Faith might no prove anything. But in Jeremiah I am reminded that faith is necessary for the Christian to carry out his calling. Faith that there a world more real than what we feel or experience. And fear of God. And love for him and his purposes.

Was Jeremiah crazy?

Or was he living in the truth?

Deluded or divine?

Jeremiah records the days of his youth when he says he met God (Jeremiah 1:4-10). This encounter seemed to transform his existence. It emboldened him to carry out his lonely ministry. Ministry for the sole purpose of fulfilling God’s commands. Extraordinary.

I worry about where I will be working when I’ve finished my degree, and how I will pay my car insurance and reorganising my flight home and a myriad of other details of life. Jeremiah didn’t seem to worry about these things.

“Do not say, ‘I am only a youth’;
for to all to whom I send you, you shall go,
and whatever I command you, you shall speak.
Do not be afraid of them,
for I am with you to deliver you,
declares the LORD.”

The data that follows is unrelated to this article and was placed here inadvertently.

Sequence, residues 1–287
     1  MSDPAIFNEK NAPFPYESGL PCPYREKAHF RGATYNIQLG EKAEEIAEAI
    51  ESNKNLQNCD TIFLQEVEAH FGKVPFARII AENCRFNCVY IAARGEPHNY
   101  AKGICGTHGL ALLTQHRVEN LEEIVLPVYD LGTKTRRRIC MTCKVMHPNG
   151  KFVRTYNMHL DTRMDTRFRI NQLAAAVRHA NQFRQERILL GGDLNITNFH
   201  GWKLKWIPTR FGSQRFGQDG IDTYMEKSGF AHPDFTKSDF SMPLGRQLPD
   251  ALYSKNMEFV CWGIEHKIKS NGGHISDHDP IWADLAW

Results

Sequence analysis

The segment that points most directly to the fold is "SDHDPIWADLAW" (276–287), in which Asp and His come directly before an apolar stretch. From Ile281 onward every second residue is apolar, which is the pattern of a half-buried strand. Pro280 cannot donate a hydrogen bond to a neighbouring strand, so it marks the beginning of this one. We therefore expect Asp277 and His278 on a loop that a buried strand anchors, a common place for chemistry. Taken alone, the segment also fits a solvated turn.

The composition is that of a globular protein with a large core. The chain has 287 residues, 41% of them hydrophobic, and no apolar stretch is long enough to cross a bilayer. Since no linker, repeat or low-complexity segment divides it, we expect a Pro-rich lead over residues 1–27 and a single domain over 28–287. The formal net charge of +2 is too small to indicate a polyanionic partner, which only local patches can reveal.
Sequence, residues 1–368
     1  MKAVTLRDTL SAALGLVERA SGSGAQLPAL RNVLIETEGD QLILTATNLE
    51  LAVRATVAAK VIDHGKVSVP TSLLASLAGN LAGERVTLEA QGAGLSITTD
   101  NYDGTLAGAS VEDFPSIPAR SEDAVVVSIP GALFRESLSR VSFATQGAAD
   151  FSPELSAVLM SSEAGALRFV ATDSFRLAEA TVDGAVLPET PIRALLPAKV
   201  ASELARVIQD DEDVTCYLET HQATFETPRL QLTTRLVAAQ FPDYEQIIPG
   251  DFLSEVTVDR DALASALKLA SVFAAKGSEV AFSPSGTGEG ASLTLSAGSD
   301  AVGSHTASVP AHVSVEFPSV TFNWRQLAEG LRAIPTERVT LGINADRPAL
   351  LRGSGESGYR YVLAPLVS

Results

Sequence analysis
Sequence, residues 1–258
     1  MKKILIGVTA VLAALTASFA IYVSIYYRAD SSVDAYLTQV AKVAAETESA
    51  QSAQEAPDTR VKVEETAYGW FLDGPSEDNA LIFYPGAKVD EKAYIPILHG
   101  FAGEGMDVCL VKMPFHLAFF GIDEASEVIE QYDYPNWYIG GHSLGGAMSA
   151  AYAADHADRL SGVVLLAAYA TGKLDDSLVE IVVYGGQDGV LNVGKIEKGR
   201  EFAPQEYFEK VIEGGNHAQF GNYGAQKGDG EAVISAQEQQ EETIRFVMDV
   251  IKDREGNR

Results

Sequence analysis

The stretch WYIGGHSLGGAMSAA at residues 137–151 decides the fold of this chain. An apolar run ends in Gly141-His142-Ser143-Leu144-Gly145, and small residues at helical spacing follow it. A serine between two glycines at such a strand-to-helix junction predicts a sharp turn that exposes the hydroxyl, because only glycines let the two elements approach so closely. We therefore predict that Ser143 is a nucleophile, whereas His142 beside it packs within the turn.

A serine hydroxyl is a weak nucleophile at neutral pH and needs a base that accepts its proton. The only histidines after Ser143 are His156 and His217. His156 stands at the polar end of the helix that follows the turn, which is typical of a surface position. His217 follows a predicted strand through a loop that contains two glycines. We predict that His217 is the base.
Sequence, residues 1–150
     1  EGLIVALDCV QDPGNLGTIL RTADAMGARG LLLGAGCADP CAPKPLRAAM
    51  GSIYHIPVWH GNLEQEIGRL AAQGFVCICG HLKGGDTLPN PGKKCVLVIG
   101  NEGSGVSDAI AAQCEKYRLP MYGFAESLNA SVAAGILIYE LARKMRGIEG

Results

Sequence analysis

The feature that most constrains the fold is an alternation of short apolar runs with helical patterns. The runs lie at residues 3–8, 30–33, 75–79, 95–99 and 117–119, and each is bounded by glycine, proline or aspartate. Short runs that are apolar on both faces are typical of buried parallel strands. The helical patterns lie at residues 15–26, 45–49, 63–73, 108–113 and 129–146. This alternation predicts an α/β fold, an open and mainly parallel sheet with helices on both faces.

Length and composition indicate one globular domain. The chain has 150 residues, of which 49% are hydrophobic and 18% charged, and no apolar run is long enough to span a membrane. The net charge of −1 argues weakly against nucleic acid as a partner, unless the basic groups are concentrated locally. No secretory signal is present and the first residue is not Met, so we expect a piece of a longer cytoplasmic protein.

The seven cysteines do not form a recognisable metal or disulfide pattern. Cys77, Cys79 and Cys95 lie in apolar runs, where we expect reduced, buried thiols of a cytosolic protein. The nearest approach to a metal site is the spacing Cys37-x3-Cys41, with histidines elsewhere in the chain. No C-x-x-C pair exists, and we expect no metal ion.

(Jeremiah 1:7-8)

One thing is certain, his experience is indispensable for the Christian.

It might be logical to believe in a creator. It is another thing entirely to abandon all hope for comfort and acceptance in this world and to live this life as if only one thing matters.

Purity of heart is to will one thing. – Kierkegaard

Advertisements

6 Comments

Add yours →

  1. Interesting post. You’ve written about Jeremiah before, I seem to recall. I have one or two bones to pick/requests for clarification about a few statements you make, if you’ll indulge me?

    “The people of God are ignored or ridiculed in our day.”
    I hope you’re aware that, in America at least, people of faith have tremendously more capital in the public arena than non-believers. It is nigh impossible to rise to any meaningful public office while being ‘out’ as irreligious. I think that occasionally religious types take for granted the privilege and respect their views are afforded in the public square, while the corresponding non-religious view is ‘strident’ and ‘disrespectful’ by mere dint of being expressed. Just putting that out for consideration.